My Riding Lessons at the Police Academy




IPS Amitabh Kumar Das

-Amitabh Kumar Das

Before I became an IPS officer, the only horse I was familiar with was the “knight”, the horse-shaped piece on the chessboard. But riding was an integral part of our police training in Hyderabad.

If you can control a horse, you can control a district, our riding Ustad solemnly told the would be SPs. So the future  district police chiefs were left at the mercy of those muscular, shining, towering horses inside the riding ground. I developed cold feet inside my riding boots!

Recently, I read an interview with Salman Khan after the release of Tiger Zinda Hai. Salman admitted that of all the action scenes done by him, riding was the toughest part. So even a tiger holds a horse in awe! Salman told the surprised interviewer that a horse could take its rider anywhere the horse pleased. How true Sallu Mian is!

On numerous occasions at the National Police Academy, my horse went out of my control and left the riding ground far behind. If I managed to see several historical places in Hyderabad, the credit goes to these hot-headed horses! I saw the Char Minar, the Golconda Fort and many magnificent palaces while hanging upside down from my horse s back. And when you are hanging upside down, even ordinary places look magnificent.

A horse moves in four different ways. WALK, TROT, CANTER and GALLOP. As long as your horse walks gently, the ride is enjoyable. In many Hindi movies, the heroine sits astride a white horse and the hero holds reins. They walk down a slope laughing and singing merrily. But riding a galloping horse is a bone-shaking experience. In the final riding test at the National Police Academy, a trainee cop is required to clear half a dozen obstacles sitting on a galloping horse. It is the time when many IPS trainees wish that they should have opted for bank jobs! And those saddle cuts! Since riding bare back on a horse is next to impossible, a saddle made from hard leather is fixed on the horse back. But these saddles are so hard that they make deep cuts into the riders’ thighs. As I rode, rode and rode one fine morning I found left thigh bleeding. I started to limp. I rushed to the Police Academy hospital where Dr Lakshmi was the presiding deity. The horrified doctor bandaged my saddle cut. But such was the iron discipline at the Police Academy that even the kind lady couldn’t recommend bed-rest for the poor soul.

On the prescription, she wrote NAP in her bad handwriting. (No self respecting doctor writes clearly!). In the Academy jargon, NAP meant Not Attending Parade. So the next morning, yours truly limped to parade ground. Though I didn’t join the gruelling parade, I was made to watch my batchmates perform the drill. They smiled at me. I couldn’t smile back. I missed my bedroom sorely.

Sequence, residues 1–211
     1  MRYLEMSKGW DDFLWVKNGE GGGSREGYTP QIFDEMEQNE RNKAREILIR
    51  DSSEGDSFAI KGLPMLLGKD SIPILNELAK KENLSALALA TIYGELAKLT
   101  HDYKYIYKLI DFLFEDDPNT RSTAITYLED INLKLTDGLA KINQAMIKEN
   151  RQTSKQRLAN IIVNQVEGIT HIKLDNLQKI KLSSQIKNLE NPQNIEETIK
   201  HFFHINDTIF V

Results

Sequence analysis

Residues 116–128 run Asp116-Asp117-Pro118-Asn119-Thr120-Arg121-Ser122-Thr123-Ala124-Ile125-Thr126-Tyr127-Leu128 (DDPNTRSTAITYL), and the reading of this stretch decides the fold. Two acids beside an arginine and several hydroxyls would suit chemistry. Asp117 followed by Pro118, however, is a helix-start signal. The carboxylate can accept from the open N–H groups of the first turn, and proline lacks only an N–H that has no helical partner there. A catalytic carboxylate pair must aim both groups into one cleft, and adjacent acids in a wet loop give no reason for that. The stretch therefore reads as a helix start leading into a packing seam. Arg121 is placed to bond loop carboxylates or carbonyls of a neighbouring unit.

As the training progressed, the riding classes became my bugbear. The fear of failure in the final test loomed large. I borrowed some books on the riding from our library and started devouring them even in computer classes. Mr J. R. Shaligram (IPS 75 batch) was the Deputy Director at the Academy. A large cop with a handlebar moustache and a heart of gold. One day, he caught me red-handed reading books on horses in the computer class. I feared the worst but he only smiled.

Interestingly, I was elected the Secretary of the Riding Club unanimously by my dear batchmates. I still don’t know if they did so a prank or they truly believed in my “hidden” riding abilities. But the Secretaryship gave me opportunities to interact with Dr Reddy, a great horse man. He was very fond of me. He told me that one should always pat a horse and say Shaabaash Ghoda after a smooth ride. Even animals need appreciation!

Finally, the D-day arrived. The best rider at the National Police Academy is awarded the prestigious Tonk Cup, sponsored by the erstwhile Nawab of Tonk, a princely state in Rajasthan. I was nowhere in the race. I only wanted to leave the riding ground with my bones intact!

I took my horse to riding enclosure. There I was supposed to make an ATTHA on the ground. Making 8 (Eight in Hindi) proves that the rider can move his horse in all directions at his will. To my own surprise, I did it easily. Then came the galloping part. The moment my horse saw obstacles, he started to gallop without waiting for my command! In a jiffy, my horse went past all hurdles and I cleared the riding test honourably.

Dr Reddy, my friend, philosopher and guide was all smiles. If I remember correctly, even some horses had smiles on their faces!

 

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